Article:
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How to Remove Limescale from Showers and Taps

Say goodbye to limescale deposits in your bathroom

Blog
Tuesday 12th April 2022

If you love a gleaming, sparkling bathroom, you need to know how to remove limescale. These milky white deposits gather everywhere there’s water and can be stubborn to shift, especially if you have hard water. Wondering how to remove limescale from taps, showers, toilets and more? We’re here to help!

Best of all, you probably have everything you need to remove limescale in your home already. The citric acid in lemon or acetic acid in vinegar is your best weapon, ensuring a limescale-free bathroom without the need for abrasive chemicals that can damage the finish on your bathroom fittings. 

What is limescale?

Limescale, or calcium carbonate, leaves watermarks and chalky white deposits in your sink, shower or toilet after water evaporates. If you live in an area with hard water, you’re more likely to find limescale build-up in your bathroom or kitchen appliances. 

Is limescale dangerous? 

Limescale is not a hazardous substance, but it can look unsightly. It can also interfere with the performance of your taps, pipes and showerheads, leading to blockages and reduced water pressure over time.  

If you live in an area with hard water, it’s perfectly safe to drink water straight from the tap. Naturally occurring minerals like calcium and magnesium that cause limescale are essential for our health – but not so great for your plumbing and appliances! 

How to get rid of limescale 

The best way to get rid of stubborn limescale deposits is by soaking the affected area in lemon juice or white vinegar. Some fixtures may be harder to clean than others, so we’ve put together a step-by-step guide to help you achieve scale-free taps, showerheads and plugholes.  

What you’ll need 

Although these gentle, natural cleaning products might seem harmless, they can cause skin irritation, and lemon can act as a bleaching agent when exposed to sunlight. Be sure to wear gloves throughout the whole process and protect your clothing. 

Here’s what you’ll need for at-home limescale removal treatments: 

  • Lemon juice or white vinegar 
  • Cleaning cloths 
  • Elastic bands 
  • Scouring pads 
  • Spray bottle 

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How to remove limescale from taps 

Taps are one of the trickier bathroom fixtures to clean. Lemon juice or vinegar will drip off when sprayed, not allowing the acid enough time to work on the scale. You’ll often notice white deposits on the spout, so targeting this area is a good idea. Follow these simple steps to get rid of limescale on taps:  

  1. Soak a rag or a cloth in vinegar or lemon juice and wrap it around your tap, ensuring all areas are covered. 
  2. Secure the cloth with an elastic band and leave for an hour. 
  3. Occasionally squeeze the cloth to release more of the acid onto the tap. 
  4. Remove the cloth and wipe away the limescale.  
  5. If the limescale around the spout still won’t come away completely, cut a lemon in half and screw it onto the spout until it stays in place.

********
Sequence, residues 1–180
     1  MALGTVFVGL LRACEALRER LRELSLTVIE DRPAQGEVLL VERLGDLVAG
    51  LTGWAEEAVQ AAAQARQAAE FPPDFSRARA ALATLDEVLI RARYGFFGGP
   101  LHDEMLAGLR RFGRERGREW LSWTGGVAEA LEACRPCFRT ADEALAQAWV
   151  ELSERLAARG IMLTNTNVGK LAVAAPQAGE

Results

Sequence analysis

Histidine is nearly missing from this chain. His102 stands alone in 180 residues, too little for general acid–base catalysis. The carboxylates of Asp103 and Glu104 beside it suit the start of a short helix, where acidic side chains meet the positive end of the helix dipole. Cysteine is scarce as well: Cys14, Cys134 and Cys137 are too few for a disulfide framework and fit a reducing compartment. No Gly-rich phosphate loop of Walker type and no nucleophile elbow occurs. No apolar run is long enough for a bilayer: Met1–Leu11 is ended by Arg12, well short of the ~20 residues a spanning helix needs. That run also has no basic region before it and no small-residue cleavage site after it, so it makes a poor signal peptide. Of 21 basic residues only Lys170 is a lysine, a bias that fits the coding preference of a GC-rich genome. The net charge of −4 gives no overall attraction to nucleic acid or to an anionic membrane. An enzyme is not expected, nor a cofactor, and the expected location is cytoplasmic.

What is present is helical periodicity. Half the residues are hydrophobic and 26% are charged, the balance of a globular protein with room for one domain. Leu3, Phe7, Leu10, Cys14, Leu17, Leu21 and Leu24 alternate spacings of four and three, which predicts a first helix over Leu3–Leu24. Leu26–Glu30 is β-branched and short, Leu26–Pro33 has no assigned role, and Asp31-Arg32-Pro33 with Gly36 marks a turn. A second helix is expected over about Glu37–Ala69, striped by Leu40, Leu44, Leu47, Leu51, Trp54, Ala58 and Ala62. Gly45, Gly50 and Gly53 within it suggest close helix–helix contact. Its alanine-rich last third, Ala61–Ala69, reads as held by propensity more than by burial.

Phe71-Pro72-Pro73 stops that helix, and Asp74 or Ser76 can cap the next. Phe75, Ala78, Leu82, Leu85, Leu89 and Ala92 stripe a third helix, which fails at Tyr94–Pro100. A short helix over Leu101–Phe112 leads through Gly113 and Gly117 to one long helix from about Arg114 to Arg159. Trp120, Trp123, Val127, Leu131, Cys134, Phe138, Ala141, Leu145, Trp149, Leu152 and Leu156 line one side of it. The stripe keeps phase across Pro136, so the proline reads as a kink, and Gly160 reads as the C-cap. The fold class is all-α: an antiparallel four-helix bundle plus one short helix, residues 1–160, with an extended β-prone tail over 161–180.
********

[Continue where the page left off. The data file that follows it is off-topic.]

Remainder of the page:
6. Leave for another hour and then rinse and scrub away the remaining scale. Use a scouring pad on tough limescale but only on the underside of the spout as it may scratch the finish on the faucet itself. 

How to get rid of limescale on tiles and plugholes  

Removing limescale from tiles and plugholes is less complicated than taps, as the acid can be applied directly to the affected area. There are a few options you can try:  

  1. Apply vinegar or lemon juice directly onto a cloth and scrub the limescale until it comes away. 
  2. Alternatively, mix one part lemon juice or vinegar to four parts water. Put the solution in a spray bottle and spritz it onto tiles and plugholes. Leave this to soak for up to an hour for stubborn scale deposits.  
  3. Polish the tiles or plughole with any remaining solution until completely clean. 

How to remove limescale from toilets 

Limescale deposits can make your toilet bowl look dirty, but there are plenty of ways you can get rid of them. Remember to wear gloves and protect your eyes and clothes in case any cleaning product splashes you during the process. 

  • Pour equal parts of lemon juice and white vinegar into the toilet bowl, leaving it for at least one hour before scrubbing with a toilet brush. The scale should come away easily. Leave the solution overnight if possible, allowing the acids to work deeper into tough scale deposits. 
  • Alternatively, pour one cup of vinegar followed by one cup of baking soda into the toilet, letting it sit for around 10 minutes before scrubbing with a toilet brush. 

 How to get rid of limescale on your showerhead 

The method you use for removing limescale from a showerhead will depend on the type of shower you have. Find out more information on cleaning showerheads and descaling your shower here.  

How to prevent limescale build-up 

Frequent cleaning and descaling treatments can help prevent limescale build-up. We recommend descaling your showerhead at least once a month for optimal results and performance, whilst still carrying out your regular cleaning routine that includes the limescale removal treatments outlined in this article. Discover more cleaning tips for your bathroom here. 

Looking for a long-term solution to combat limescale? Upgrade your shower to a model with Mira Clearscale™ technology, designed to prolong your shower’s life whilst giving you better performance.